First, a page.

How should you handle estate planning with a blended family?
Many residents of Illinois are on their second or third marriage and have blended families. This makes estate planning crucial. Here are some steps you should take when preparing these documents with a blended family.
Make changes to your will
One of the first things you should do to protect your blended family is to update your will. Make all necessary changes to remove your former spouse and include your new spouse and stepchildren. If you neglect to take this step and die unexpectedly, your former spouse would inherit your assets. Your new, blended family would be left in the cold in that scenario.
If you have children from your previous marriage, you will want to protect them to ensure they receive their inheritance if you die before your spouse. After remarriage to someone new, there’s no guarantee that your spouse will agree to leave assets to your children from a prior relationship. Provisions in your will can protect them.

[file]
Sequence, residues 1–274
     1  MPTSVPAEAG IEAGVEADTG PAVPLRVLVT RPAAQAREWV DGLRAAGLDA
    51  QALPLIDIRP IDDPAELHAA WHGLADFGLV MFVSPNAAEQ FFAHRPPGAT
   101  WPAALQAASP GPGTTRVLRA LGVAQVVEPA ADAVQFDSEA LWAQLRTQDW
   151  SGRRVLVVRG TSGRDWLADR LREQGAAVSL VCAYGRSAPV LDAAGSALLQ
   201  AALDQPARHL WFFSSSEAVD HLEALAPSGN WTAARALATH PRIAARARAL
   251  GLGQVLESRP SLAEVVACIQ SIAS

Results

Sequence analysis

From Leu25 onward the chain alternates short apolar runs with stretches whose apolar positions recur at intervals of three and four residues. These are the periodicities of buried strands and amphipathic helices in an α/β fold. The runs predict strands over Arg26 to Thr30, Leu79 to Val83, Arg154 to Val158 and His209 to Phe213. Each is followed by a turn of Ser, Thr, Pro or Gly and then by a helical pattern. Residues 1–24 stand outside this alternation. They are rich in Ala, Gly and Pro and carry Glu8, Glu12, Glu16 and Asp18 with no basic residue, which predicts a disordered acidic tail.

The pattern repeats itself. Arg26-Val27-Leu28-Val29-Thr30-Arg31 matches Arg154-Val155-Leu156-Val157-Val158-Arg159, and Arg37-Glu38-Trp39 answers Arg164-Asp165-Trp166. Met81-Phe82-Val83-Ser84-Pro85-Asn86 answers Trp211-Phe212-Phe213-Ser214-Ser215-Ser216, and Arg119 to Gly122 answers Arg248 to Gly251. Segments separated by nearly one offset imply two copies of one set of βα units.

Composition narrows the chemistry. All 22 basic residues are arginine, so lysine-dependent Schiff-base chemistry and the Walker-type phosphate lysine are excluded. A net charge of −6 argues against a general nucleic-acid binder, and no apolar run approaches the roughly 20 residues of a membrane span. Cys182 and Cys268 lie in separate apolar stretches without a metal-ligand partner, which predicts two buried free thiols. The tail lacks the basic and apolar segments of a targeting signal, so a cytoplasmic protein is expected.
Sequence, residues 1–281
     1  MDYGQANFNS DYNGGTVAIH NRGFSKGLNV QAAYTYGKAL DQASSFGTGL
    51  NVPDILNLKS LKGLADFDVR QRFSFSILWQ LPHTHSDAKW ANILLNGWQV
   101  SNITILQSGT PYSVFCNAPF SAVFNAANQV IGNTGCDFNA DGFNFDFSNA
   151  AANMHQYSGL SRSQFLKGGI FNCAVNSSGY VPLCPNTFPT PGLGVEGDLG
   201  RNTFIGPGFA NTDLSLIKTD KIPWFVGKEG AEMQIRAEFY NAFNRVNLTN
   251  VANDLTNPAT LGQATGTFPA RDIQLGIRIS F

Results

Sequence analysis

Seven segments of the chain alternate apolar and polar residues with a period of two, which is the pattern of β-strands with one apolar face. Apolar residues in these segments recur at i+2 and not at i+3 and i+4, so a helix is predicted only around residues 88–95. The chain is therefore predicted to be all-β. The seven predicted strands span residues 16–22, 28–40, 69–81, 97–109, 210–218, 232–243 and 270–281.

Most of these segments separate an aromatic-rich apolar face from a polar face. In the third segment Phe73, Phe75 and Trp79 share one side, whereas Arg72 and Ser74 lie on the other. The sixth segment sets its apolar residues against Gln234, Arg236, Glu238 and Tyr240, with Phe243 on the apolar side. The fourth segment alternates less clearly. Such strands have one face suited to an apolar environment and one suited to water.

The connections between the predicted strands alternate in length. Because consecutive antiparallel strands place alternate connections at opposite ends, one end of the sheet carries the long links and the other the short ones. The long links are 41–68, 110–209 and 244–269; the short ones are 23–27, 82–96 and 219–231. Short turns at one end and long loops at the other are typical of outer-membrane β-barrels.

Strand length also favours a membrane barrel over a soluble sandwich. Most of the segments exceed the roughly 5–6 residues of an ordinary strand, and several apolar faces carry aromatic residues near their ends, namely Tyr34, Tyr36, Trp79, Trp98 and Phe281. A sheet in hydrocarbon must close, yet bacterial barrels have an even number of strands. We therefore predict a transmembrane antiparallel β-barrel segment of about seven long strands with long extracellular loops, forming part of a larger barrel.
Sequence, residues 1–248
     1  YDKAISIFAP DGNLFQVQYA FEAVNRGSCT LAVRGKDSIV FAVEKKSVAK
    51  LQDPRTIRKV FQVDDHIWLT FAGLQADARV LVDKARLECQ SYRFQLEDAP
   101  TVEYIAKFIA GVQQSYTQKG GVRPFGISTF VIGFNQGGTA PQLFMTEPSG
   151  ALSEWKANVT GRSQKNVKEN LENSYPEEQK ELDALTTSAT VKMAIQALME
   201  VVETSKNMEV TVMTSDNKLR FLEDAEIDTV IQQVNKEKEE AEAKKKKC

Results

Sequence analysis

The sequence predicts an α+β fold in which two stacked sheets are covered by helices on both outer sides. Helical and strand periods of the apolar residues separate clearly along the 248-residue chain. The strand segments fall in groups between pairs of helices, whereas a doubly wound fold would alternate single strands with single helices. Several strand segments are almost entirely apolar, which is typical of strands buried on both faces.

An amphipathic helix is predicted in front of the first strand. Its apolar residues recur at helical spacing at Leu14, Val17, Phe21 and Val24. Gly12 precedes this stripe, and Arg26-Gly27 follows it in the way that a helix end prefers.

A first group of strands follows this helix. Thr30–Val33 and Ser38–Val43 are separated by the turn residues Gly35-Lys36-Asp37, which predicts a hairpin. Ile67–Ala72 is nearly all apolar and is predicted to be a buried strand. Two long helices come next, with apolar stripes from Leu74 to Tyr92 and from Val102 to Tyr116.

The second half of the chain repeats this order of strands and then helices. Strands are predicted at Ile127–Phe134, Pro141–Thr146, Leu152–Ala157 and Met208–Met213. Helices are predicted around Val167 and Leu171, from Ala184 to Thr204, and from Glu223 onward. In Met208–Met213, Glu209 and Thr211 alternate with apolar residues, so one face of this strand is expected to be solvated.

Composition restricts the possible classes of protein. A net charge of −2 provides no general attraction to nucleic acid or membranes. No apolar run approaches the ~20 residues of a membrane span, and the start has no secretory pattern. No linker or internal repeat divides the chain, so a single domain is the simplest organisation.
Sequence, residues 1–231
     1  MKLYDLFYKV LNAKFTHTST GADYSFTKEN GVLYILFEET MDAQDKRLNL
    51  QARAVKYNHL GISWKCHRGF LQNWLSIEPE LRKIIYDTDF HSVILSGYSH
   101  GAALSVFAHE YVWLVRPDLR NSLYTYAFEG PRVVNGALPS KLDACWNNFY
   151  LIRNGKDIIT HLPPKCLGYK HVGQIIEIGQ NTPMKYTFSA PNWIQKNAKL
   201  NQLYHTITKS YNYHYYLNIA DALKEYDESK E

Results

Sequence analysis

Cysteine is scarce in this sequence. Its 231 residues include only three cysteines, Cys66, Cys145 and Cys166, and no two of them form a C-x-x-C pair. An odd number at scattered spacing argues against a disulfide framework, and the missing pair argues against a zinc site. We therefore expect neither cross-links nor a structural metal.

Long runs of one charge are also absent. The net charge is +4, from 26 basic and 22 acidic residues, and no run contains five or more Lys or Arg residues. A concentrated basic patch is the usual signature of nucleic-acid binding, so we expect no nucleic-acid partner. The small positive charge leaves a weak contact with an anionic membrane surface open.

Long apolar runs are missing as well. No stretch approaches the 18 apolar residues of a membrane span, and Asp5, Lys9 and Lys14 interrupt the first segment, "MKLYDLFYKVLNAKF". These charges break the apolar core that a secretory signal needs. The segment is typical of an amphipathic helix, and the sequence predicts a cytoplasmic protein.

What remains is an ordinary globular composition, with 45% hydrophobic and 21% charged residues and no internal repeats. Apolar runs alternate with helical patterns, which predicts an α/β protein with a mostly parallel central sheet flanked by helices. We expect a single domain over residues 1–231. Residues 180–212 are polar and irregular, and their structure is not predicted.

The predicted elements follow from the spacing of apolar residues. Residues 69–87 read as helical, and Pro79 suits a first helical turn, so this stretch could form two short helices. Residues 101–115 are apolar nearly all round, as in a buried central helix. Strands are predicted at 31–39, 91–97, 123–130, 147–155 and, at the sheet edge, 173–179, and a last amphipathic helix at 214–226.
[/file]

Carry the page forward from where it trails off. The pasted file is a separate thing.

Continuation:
Consider a trust
Another way to protect your blended family is to create a trust to hold assets for them. This is one of the best ways to ensure that your children from your previous marriage get the assets and property you want to leave them. It’s a step that should be taken in conjunction with updating your will.
Update your beneficiary designations
Updating your beneficiary designations is crucial when you remarry. You may have your former spouse named on your life insurance policy, 401(k) or IRA account and other financial accounts. Now is the time to update your beneficiaries so that you can replace your former spouse with your new spouse.
Update your legal directives
Other legal documents that make up your estate plan should be updated as well. For example, if you have powers of attorney and a health care directive and have named your former spouse as your agent, you should immediately remove their name. Replace them with your current spouse or someone else close and trustworthy to handle those matters.
Taking these steps with your estate plan could help protect all members of your family in case the unexpected occurs.